The best dishwashers have short cycles, superior stain removal and drying power, and features that make the experience of using a dishwasher a painless one.
Why Do People Like Bosch Dishwashers?
Bosch occupies an enviable location in the dishwasher market—in the sweet spot for four different facets of a dishwasher: performance, noise, aesthetics, and price.
We're always impressed by how well Bosch's dishwashers clean our test dishes; almost every dishwasher on this list removed more than 99% of stains on all three of the cycles we test: Quick, Normal, and Heavy. While you may be thinking, "Well, obviously a dishwasher should be able to get my dishes 100% clean," that isn't always the case in real life, especially when it comes to the Quick cycle. The dirty dishes we use for the Quick cycle are the same as those we use for the Normal cycle, and the Quick cycle has a much shorter cycle time in which it can get the dishes as clean as it does on the Normal cycle.
Also, our test stains are harder to remove than most food stains because of the food types themselves and the fact that they've been baked onto our test dishes. We want to give each dishwasher a "worst-case scenario" for dirty dishes to see if they will rise to the occasion. To make a long story short, a brand having multiple dishwashers capable of removing more than 99% of our food stains is no small feat.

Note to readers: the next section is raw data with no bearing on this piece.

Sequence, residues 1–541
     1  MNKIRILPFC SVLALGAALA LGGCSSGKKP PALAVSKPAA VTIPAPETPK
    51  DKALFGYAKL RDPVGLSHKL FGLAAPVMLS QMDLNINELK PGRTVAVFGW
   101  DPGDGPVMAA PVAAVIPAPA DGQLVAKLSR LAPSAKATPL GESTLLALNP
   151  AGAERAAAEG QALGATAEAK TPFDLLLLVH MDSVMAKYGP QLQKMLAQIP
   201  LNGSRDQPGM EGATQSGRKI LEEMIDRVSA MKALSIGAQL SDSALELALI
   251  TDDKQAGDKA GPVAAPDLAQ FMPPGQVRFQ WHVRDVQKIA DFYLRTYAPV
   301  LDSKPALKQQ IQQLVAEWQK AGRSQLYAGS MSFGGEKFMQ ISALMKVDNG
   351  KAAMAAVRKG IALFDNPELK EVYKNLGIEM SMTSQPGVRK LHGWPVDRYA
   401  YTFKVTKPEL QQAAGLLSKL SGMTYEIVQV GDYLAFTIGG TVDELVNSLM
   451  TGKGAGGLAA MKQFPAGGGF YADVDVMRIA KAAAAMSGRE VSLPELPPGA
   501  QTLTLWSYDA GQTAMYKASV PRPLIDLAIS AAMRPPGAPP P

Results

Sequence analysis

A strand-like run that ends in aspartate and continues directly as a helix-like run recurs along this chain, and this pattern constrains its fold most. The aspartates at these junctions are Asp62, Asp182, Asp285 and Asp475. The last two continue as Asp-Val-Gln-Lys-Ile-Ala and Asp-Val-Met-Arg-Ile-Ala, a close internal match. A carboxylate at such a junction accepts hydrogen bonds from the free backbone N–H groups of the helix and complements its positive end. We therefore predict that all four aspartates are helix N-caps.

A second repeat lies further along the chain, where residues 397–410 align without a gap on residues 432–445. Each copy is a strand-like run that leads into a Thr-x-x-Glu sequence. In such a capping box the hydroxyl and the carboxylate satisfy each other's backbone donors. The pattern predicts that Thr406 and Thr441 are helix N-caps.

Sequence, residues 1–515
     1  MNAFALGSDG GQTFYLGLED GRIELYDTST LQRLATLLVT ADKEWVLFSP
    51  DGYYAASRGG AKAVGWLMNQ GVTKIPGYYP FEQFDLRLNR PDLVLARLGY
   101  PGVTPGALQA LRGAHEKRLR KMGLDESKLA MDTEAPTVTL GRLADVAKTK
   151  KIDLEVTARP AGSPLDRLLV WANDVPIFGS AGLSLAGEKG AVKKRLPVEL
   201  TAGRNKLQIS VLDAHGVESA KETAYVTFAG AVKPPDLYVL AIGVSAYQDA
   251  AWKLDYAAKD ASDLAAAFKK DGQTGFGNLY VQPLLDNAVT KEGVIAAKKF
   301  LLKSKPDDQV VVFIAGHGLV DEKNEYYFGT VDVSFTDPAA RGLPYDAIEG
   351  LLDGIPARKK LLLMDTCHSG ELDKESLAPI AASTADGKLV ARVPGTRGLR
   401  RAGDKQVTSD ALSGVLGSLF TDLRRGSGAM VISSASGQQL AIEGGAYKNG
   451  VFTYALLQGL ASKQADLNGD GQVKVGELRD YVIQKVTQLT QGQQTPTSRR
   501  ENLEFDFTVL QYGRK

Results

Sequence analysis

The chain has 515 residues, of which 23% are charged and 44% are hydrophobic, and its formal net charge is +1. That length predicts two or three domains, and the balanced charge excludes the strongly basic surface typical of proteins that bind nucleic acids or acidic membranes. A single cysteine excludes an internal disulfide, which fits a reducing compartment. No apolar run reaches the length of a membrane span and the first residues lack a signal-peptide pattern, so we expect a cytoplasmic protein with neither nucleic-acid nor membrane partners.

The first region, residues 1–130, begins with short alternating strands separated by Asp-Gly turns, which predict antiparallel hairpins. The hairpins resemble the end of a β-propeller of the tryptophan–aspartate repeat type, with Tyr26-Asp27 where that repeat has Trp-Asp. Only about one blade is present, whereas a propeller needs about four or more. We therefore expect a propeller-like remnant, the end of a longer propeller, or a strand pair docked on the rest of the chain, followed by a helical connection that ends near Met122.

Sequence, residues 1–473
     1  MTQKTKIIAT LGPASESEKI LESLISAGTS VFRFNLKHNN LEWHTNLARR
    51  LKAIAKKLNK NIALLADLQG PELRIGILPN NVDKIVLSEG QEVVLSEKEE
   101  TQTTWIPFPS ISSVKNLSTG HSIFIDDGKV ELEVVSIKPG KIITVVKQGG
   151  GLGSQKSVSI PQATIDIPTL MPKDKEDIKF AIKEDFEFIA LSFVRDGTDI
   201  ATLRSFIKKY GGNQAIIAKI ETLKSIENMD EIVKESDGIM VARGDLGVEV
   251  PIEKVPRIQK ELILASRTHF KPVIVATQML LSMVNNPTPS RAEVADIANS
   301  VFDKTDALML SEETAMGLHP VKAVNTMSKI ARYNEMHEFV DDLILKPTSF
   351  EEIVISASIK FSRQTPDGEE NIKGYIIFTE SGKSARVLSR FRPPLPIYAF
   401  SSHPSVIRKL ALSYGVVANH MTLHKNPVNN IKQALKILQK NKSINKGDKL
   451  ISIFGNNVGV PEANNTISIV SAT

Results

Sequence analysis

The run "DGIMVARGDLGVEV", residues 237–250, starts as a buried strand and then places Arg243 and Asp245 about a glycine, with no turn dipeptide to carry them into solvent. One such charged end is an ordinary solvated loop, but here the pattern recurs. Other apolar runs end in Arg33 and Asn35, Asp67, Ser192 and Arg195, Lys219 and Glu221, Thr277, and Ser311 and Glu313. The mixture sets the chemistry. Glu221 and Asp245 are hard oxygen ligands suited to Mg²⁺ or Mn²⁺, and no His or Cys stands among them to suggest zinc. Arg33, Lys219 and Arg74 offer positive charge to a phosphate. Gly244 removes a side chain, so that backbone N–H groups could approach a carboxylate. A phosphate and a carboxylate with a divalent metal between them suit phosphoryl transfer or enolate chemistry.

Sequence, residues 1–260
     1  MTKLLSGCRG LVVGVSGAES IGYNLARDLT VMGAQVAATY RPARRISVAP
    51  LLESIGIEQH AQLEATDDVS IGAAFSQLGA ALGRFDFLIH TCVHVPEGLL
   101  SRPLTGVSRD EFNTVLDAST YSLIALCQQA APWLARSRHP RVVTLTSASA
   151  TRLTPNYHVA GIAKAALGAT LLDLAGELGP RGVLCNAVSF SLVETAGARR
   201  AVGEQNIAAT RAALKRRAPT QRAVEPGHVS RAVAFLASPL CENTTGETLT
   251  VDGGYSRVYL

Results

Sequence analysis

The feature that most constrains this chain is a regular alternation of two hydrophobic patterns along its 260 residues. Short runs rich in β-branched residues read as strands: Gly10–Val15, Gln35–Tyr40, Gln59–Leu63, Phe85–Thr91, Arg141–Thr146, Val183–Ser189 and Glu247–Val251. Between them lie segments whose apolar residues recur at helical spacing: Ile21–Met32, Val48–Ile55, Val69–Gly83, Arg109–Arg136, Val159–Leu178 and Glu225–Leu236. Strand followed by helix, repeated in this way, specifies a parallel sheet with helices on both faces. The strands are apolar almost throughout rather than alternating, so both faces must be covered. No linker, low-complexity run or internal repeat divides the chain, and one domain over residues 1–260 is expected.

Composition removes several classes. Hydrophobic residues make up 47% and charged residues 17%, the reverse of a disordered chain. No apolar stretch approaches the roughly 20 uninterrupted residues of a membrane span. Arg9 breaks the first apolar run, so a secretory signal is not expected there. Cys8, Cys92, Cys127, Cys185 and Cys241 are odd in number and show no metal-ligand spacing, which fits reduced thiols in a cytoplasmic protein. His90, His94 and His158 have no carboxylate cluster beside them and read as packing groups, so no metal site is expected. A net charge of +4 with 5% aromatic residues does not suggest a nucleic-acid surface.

Bosch was one of the first companies to really push the quiet dishwasher trend. This goes hand-in-hand with the recent trend of open-floorplan homes, where kitchens often flow, without walls, straight into entertainment spaces like the living room or the dining room. The lack of walls can prove problematic if your dishwasher is chugging along while you're trying to have a conversation. The more expensive a Bosch-made dishwasher is, the quieter it is; the Bosch 800 series dishwasher we tested, with its stainless steel tub, has a sound rating of 39 dBA, which is similar to the average noise level in a library.
Bosch prides itself on its streamlined, but functional design. Most models offer pocket handles and top-mounted touch controls so that, from the front, there's nothing to break up the clean lines of the dishwasher's stainless steel finish. Unsurprisingly, though, at lower price tiers, Bosch tends to favor function over form, and front-mounted controls with handles become more prevalent.
As you might expect, the price of a top-of-the-line dishwasher from Bosch is probably going to come in at a number that has three zeroes at the end of it. At this price tier, you'll get great cleaning performance, quiet operation, neat extra features, and magazine-level design and finishes. However, that's not to say that you're out of luck if your budget is smaller; Bosch has a number of different options at a variety of price points.